Caritas calls for immediate end to sanctions on Syria
By Robin Gomes
Caritas Internationalis on Tuesday launched a heartfelt appeal to the international community urging for an immediate end to sanctions on Syria, saying people are being hardest hit by the 10-year-old war.
During an online press conference, the federation of national Catholic charities worldwide, its local partner, Caritas Syria, and Apostolic Nuncio to Syria, Cardinal Mario Zenari, joined their voices to call for governments to meet the most urgent needs of Syrians, including the pandemic emergency. On March 15, the Syrian civil-war entered the 10th year, with no sign of an end on the horizon.
End to sanctions
“Caritas Internationalis joins the voice of the Church in Syria and calls on the international community and the European Union to immediately remove all unilateral sanctions, which only aggravates the humanitarian conditions of Syrians”, said Caritas Internationalis Secretary-General Aloysius John.
The press event was organized to garner support for the needs of Syrians ahead of the crucial 5th Brussels Conference on March 29 and 30, sponsored by the European on “Supporting the future of Syria and the region”. John said the Conference is an opportunity that “should be seized to send a strong message of hope and brotherhood to the Syrian people”.
According to Caritas, some 12 million people have been displaced by the civil war. Six million of them have been displaced within the country, 5 million are refugees in neighbouring countries, especially in Jordan, Lebanon and Turkey, and 1 million are elsewhere. Caritas has helped more than a million Syrians, including over 200,000 in very desperate situations.
“Syrians, especially the younger generation,” John said, “cannot afford any more the trials and violence of this war.”
“They deserve the best. Can we deceive them?” he asked. Among other issues that Caritas asked to be prioritized are basic needs and services, including essential healthcare supplies, Covid-19 vaccines and treatment for Syrians within and outside the country.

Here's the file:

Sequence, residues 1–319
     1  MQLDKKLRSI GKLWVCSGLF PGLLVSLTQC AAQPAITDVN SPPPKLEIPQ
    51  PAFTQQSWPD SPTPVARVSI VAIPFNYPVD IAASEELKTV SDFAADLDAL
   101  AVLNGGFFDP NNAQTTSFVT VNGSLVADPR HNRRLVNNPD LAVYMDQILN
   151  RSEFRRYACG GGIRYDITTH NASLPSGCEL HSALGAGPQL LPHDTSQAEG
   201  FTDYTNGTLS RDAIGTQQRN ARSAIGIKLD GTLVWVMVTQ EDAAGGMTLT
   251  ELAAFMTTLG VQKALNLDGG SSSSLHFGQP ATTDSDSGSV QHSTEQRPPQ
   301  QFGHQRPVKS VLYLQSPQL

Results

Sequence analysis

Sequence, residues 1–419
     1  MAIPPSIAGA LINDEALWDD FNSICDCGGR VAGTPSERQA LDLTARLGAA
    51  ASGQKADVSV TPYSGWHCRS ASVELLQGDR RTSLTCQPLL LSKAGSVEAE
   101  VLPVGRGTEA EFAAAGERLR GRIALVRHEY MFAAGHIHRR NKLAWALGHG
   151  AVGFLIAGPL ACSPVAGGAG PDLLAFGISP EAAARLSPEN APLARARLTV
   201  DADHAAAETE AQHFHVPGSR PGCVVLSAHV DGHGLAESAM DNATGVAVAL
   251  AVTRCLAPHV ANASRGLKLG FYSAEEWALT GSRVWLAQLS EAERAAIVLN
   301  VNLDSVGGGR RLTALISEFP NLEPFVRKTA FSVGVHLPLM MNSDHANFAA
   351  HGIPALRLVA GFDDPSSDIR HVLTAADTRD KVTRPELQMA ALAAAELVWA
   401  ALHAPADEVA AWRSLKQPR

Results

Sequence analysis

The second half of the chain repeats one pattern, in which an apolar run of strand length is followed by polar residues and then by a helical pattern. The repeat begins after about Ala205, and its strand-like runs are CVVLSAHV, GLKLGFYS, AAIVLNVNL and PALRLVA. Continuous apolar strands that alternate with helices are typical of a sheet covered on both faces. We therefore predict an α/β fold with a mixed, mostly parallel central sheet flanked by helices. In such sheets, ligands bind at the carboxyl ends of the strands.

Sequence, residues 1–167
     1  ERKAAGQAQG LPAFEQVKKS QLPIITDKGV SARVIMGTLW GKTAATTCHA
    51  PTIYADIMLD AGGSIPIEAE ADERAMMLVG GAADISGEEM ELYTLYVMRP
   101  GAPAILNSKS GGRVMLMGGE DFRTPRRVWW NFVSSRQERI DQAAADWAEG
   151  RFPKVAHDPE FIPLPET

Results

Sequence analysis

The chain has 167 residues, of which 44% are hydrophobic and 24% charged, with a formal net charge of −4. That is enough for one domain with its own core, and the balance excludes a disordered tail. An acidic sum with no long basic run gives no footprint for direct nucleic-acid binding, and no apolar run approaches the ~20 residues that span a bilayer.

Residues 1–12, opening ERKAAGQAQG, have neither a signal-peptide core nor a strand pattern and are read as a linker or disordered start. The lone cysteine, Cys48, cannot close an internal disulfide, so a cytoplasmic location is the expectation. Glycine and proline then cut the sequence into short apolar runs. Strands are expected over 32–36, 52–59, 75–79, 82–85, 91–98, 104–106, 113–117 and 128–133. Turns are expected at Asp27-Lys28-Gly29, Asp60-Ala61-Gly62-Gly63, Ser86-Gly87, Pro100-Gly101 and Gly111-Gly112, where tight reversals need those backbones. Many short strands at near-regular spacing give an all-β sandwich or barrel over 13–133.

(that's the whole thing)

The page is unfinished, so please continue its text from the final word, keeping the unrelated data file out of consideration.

The Caritas secretary-general also called for support and ensuring good working conditions for NGOs, especially the faith-based organizations active in Syria, Jordan, Lebanon and Turkey who are in the frontline of reaching out to Syrians.
Negotiated peace, not military action
John asserted with Pope Francis that military action will only build hatred and will not help end Syria’s protracted crisis.
“A negotiated peace solution is the only way,” he said, adding, “peace must be given a chance to avoid the continued stalemate, which only results in untold sufferings to innocent civilians.” Caritas and the Syrian Church thus called for an “urgent diplomatic action” to restart the peace process and bring all parties in conflict to the negotiating table.
Cardinal Zenari, who spoke at the press conference, regretted that, even after 10 years of the country’s bloody conflict, the peace process is still deadlocked and the reconstruction and recovery process of the nation has not yet begun.
Even though bombs and rockets have not fallen on various regions of the country for some months, he said, the “terrible bomb of poverty has exploded”, forcing 90 percent of the population below the poverty line, the highest percentage in the world.
High inflation, corruption and sanctions, combined with the Lebanese crisis and the Covid-19 pandemic, he said, have made essential commodities such as food, fuel and electricity extremely expensive, in meagre supply or almost non-existent.
Despite the grim situation, the Holy See’s representative sees hope in the generous solidarity of numerous humanitarian organizations, such as the United Nations agencies, governments, NGOs and volunteers, who are helping Syrians with a lifeline for survival and providing for education, healthcare and other basic needs.
However, said Cardinal Zenari, this precious international aid risks diminishing and cannot continue forever. What is needed is to devise “suitable and far-sighted solutions” capable of enabling Syrians, exhausted by war, to regain peace and to begin the reconstruction of the country.